I’m not sure if I produced the best quality of writing this month. I know I started strong, and then got a little lost, and then ended up writing the prequel for the series instead because that just came easier and I was inspired to write it. And that’s how I finished. Last year I was certain that nearly everything I wrote during NaNoWriMo was absolute crap, but when I went back to look at it this year, I realized that while there was some crap, a lot of it was all right, and totally usable. So this year, I’m not even going to look at it until sometime next year (like February maybe). I think I need that distance to be able to look at it objectively.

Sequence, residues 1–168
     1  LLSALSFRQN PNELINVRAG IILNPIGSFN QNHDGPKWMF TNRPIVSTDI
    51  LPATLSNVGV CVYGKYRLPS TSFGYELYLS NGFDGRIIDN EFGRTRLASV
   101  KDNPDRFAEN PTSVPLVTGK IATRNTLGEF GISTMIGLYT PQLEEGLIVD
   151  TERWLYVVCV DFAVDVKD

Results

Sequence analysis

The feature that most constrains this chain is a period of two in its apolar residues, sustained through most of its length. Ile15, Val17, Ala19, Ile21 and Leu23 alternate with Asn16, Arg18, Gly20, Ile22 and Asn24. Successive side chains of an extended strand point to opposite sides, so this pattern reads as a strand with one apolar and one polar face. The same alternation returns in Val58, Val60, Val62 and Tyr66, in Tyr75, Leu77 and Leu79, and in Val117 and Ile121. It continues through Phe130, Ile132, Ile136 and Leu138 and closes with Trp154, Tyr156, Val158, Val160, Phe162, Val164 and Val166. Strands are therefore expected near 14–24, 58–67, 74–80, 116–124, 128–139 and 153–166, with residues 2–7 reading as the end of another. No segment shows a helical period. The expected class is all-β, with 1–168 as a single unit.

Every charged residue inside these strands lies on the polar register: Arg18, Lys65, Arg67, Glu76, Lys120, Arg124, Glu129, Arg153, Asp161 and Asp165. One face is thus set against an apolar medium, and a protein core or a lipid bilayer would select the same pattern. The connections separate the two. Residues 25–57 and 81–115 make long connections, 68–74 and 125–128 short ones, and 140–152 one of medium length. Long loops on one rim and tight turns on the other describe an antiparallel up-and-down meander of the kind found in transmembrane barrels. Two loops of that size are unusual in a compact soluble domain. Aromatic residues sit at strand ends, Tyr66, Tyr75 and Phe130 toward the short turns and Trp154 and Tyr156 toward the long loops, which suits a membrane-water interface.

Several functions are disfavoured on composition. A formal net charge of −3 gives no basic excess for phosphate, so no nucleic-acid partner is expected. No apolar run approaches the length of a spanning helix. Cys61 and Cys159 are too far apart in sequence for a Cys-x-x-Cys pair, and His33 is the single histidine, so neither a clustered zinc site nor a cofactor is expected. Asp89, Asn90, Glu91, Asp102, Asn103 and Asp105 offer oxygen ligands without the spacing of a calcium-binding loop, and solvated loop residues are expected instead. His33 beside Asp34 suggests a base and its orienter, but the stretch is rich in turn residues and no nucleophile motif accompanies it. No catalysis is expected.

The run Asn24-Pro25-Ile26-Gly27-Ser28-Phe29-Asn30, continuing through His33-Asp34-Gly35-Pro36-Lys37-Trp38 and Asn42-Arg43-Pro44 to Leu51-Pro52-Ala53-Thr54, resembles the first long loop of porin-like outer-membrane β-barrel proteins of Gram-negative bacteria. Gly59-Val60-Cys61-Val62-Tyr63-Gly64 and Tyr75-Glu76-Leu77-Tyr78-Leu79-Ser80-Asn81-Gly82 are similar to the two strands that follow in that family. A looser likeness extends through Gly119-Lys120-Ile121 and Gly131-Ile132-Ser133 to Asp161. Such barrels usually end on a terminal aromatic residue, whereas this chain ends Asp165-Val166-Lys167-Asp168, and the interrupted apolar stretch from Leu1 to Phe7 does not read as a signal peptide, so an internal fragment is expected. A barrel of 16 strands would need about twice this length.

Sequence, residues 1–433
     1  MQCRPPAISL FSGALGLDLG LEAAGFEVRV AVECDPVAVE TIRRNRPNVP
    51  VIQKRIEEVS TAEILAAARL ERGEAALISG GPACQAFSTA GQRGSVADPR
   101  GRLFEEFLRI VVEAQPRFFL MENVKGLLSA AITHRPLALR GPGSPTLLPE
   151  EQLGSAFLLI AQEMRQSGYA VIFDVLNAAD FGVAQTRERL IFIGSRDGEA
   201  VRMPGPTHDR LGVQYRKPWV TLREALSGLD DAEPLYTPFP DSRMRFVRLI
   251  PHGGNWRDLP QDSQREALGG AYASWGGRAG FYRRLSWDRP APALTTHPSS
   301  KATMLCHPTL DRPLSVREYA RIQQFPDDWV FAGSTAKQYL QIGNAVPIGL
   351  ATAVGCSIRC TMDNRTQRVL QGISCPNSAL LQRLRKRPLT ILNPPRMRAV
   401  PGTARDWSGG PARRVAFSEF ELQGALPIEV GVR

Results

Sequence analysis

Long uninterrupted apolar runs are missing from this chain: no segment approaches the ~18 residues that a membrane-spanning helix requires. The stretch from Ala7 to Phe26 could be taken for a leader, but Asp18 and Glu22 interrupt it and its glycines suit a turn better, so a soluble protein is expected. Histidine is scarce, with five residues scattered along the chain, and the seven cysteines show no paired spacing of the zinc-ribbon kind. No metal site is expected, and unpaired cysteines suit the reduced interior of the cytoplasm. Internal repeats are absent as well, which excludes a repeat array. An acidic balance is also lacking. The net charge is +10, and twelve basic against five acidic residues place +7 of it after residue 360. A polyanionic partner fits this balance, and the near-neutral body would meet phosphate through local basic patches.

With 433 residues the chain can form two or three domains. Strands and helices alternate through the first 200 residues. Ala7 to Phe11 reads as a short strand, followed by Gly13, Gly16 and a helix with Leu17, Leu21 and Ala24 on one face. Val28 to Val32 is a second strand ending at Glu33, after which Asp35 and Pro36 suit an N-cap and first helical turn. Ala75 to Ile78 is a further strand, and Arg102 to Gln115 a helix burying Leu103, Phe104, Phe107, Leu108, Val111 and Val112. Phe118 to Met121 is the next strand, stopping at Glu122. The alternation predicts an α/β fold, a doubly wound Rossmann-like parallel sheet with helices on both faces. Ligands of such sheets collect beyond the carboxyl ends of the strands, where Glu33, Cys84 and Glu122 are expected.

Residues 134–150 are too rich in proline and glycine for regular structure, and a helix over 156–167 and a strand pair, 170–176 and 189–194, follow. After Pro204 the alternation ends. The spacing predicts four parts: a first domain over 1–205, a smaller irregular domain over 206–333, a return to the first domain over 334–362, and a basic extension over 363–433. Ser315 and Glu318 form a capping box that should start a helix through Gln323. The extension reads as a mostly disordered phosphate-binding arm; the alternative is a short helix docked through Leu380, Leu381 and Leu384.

I do know that whenever I participate in NaNoWriMo however, I fall into a few bad habits. Namely, I am too wordy. This used to be a genuine problem I always had when writing, but I have spent a great deal of time and effort to correct it, so I feel like when it happens now, it’s like cheating or something. My hope is that if I participate next year, this won’t be the case. I am also not sure if I am going to participate next year in terms of “working on a novel”.
Last year I worked on a novel that had been on my mind for years, but I just hadn’t started. The subject matter was intriguing, and because many of the important characters minus one were based on people I used to know (I knew them when I first thought up the story) nailing them was easy. But I hadn’t researched enough about the subject matter, and I found myself trying to do that AND write, and it didn’t work out too well. I made the final word count by the end of the month, but boy was it painful.